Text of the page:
Woza Moya newsletter (20-11-06)

WOMEN and MEN OF ZIMBABWE ARISE (WOZA) NEWSLETTER Write: Box FM 701, Famona, Bulawayo Email: [email protected] WOZA means ‘Come forward’. By women for women and with women, across race, colour, creed, class or political persuasion. Empowering women to be courageous, caring, committe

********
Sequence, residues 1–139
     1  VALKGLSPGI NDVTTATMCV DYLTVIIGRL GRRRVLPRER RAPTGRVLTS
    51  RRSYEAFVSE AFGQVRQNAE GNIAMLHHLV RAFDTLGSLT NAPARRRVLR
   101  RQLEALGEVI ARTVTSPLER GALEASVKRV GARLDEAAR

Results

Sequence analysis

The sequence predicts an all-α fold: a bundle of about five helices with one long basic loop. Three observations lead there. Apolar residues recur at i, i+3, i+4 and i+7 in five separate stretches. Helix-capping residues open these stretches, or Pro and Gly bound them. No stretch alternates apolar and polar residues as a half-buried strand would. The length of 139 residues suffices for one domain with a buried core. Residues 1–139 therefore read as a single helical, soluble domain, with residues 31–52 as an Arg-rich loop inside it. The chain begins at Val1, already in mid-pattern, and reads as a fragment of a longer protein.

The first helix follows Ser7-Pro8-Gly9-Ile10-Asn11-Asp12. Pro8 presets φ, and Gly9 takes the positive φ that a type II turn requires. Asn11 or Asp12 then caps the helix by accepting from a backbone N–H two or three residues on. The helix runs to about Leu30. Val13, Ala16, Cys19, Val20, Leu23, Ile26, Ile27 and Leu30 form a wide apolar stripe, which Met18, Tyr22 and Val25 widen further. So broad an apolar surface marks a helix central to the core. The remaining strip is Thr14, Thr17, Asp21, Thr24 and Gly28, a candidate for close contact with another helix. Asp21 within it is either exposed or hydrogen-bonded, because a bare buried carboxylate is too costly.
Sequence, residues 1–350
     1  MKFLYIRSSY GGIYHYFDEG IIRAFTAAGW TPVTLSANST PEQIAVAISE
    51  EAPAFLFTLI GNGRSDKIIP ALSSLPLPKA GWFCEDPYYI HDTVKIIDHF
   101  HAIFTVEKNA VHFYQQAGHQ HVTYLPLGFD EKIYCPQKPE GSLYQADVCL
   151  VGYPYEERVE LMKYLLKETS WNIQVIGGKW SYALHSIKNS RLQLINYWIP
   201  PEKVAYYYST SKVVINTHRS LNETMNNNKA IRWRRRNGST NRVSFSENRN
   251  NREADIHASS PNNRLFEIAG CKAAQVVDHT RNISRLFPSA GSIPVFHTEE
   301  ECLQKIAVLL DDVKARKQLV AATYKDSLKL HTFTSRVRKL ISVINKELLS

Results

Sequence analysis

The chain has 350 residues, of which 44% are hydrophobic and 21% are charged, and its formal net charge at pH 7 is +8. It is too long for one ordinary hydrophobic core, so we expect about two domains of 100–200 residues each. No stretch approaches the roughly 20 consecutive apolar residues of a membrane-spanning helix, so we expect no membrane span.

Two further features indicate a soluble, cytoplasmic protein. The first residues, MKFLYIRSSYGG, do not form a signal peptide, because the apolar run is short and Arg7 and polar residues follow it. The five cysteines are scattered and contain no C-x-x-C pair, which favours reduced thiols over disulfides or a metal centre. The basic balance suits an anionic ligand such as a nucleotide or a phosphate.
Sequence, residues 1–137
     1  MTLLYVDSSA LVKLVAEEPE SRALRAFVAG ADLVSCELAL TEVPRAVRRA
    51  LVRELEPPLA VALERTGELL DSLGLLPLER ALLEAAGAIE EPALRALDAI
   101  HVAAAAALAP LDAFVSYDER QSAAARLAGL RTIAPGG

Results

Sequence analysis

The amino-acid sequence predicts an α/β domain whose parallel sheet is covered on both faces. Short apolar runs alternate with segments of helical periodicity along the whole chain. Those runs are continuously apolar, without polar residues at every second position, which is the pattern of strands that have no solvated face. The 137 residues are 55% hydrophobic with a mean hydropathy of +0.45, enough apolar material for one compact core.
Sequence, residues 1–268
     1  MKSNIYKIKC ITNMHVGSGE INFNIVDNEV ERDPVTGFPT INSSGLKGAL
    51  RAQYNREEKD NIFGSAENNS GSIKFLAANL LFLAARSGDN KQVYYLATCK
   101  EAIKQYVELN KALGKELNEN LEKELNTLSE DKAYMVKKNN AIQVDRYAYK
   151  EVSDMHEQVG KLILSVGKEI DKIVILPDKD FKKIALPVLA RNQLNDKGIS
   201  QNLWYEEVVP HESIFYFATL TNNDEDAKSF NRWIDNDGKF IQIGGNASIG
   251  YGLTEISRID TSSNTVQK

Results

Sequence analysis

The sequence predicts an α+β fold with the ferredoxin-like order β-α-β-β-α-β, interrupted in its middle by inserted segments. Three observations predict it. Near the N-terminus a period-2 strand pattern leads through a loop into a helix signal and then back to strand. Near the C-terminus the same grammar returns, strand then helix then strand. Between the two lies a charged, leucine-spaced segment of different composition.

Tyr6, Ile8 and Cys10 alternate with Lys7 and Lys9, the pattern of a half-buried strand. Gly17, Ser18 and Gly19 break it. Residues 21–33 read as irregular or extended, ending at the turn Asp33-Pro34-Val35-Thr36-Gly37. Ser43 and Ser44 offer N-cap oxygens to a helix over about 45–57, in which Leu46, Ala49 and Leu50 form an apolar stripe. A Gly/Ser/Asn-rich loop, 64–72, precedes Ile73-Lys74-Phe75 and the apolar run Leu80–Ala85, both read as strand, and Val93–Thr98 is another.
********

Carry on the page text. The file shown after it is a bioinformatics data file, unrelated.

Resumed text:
d and in communication with their communities. “I am not interested in picking up crumbs of compassion thrown from the table of someone who considers himself my master. I want the full menu of rights.” Bishop Desmond Tutu ———————————————————————————————————————————— WOZA commemorates International Day for the Eradication of Poverty on the 17th of October Amidst worsening poverty and stolen lives United Nations figures show that 50,000 people die every day because of poverty 800 million people go to bed hungry every day and half the world’s population survives on less than Zimbabwe $500 a day. In Zimbabwe poverty has become even more deep-rooted as basic needs remain out of reach. As WOZA continues to conduct Social Justice consultations, border-to-border, Zimbabweans agree that they are living from hand to mouth and it is as if their lives have been stolen from them. Why can we not enjoy all our social and economic rights? As we have gone around the country, you have shared your DREAM of a new Zimbabwe. You have shared with us your vision of a better future. WE have LISTENED carefully and are preparing all your views into a ‘living’ document and together we will launch our DEMAND for leaders who will deliver a socially just Zimbabwe. We hope you will come with us to Parliament where we tell our leaders that this is their last chance to commit themselves, in words and deeds, to the promises of our Independence. Those visited by WOZA were happy to be educated about their rights and advise on how to overcome fear. “We demand to know about our rights – we do not know what is right or wrong in Zimbabwe anymore as we are always being harassed. We are tired of the present leaders and need new blood, leaders who will listen to our problems and help us to solve them.” Chipo, Chimanimani *United Nations research has found that poverty comes in three main types: “poverty of money”, “poverty of access” and “poverty of power.” WOZA’s consultations across Zimbabwe reveal that Zimbabweans are facing all three types of poverty. Do you AGREE? Poverty of Money Residents of Chimanimani Urban, like other areas, revealed that Zimbabweans want to go back to the lifestyles they used to lead in 1980 and before Independence. They have said they are failing to do the basic things that they could do in 1980 and even before Independence. They live constantly spinning around searching for crumbs to feed their children. Ever increasing school fees and healthcare costs are among some of the problems people face on a daily basis. Parents, hard-pressed to create a better future for their children, remember the 1980 promise of free education and recognise that it is yet to be fulfilled and need a new breed of leaders who can deliver. Villagers in Chimanimani rural demand that the monetary authorities introduce a ‘meaningful’ currency. Most of them said they did not manage to hand over old money to the RBZ and say even if they had, life has become so hard for them that getting some cash to spend once in a while has become a dream. “We are tired of using money with expiration dates, and when the money changes no one explains and we are the losers. We want our coins back,’ said Mbuya Pasi from the Nyazura area. Residents of Mutare said they are upset with police’s rough way of dealing with cross border trading. “We are living in a country where unemployment is over 80 percent, health and education costs have shot up instead police take away our goods, the police now even go a step further and conduct house searches of known cross border traders. We know we must follow certain regulations as traders but should they not do the same? We want our rights to earn a decent living,’ Theresa, herself a cross border trader. *Excerpts from a UN Paper presented at the regional High Level Meeting in preparation for Istanbul+5 and the Pacific. The Three Aspects of Poverty. Poverty of Access Most of Africa’s poor people often do not have access to basic means of communication and other services. They also find that leaders they elected are no longer approachable and do not listen to their needs. How can they continue to say they stand for the people – they now stand for ghosts! Residents in Glen View, Harare said it’s been over a year since they lost their income to Operation Murambatsvina but are still waiting for the government to build the market stalls they promised for informal workers. The houses they were promised in Operation Garikai have since been given out to the rich or the ‘more suitable’ such as the war veterans, and they are still on the waiting list. Residents in Epworth want access to health services and complained about selective treatment at a nearby clinic which mostly caters for ruling party members and women who need maternity care have to produce ZANU PF part cards. In Matabeleland, in Ratanyane, old people are turned away at the only hospital in the area. In Madwaleni, villagers said they need land as they do not have enough land to accommodate their families and that their fields are more like gardens. Their children will have to build their homesteads in the gardens when they marry. They also do not have access to clean water as they are told to do the repairs themselves, which they cannot afford, and want the Government to repair and provide them with new boreholes. Villagers from Insiza complained that aid organizations such as BEAM no longer help orphans as they have been taken over by ZANU PF. Chegutu residents also expressed their worries about Government’s abandonment of the needy and the ruling party’s ‘all-powerful’ attitude. “We want free healthcare and primary education that the Government promised us at independence, the elderly and genuinely needy ought to receive assistance from the Social Welfare department.” Patience. Poverty of Power The poor have a greater possibility to affect decision-making under conditions of good authority, for example if we had a system of government where we are free to participate in, based on the rule of law, open to the needs of the population, well-organised, transparent and responsible. “We demand our freedoms back especially the freedom of expression. I was once arrested and told to choose between life and death because I had said mealie meal had gone up” Zodwa, Hwange “People have received distrust and fear from our leaders. They tell us to wait until tomorrow but tomorrow never comes” Tafadzwa, Warren Park “We have become ghosts in our homeland because the people that we elected to lead us have forgotten us. We need people with a sense of right and wrong to lead us. The situation we are in right now is the same as a person who goes to bed but can not change sides, you need to change sides and turn now and again, if you don’t you wake up sore and stiff,” said a Kadoma grandmother. Many villagers said their chiefs are now being used by politicians and want their chiefs to be allowed to listen to the commands of the people they lead. The villagers said they need a leader who will be able to give out land in respect of people’s needs and not their political membership. Many parents in all the areas visited by WOZA complained that their so called ‘born frees’ are facing a nightmare kind of life and are even asking themselves if the majority age act should not be moved up to 25 years. “Our children who are supposed to be adults at 18 cannot even buy themselves freezits but are expected to pay head tax. Their lives have been stolen and their parents are ghosts”. Tinechinangwa ngatishandirei pamwechete! Silenjongo asenzeni kanyekanye! Where there is a will there is a way – WOZA has the way. We need YOU to walk it with us! Join WOZA by sending your application letter to P.O. Box FM 701 Famona Bulawayo. Tell us who you are and why you want to join WOZA. Write in any local language. Send us a self-addressed with postage stamp for us to send your Sisterhood Promise. Once you have signed this and posted it to us we will send you your membership card in the second self-addressed and postage paid envelope. We will then bring you into our WOZA family.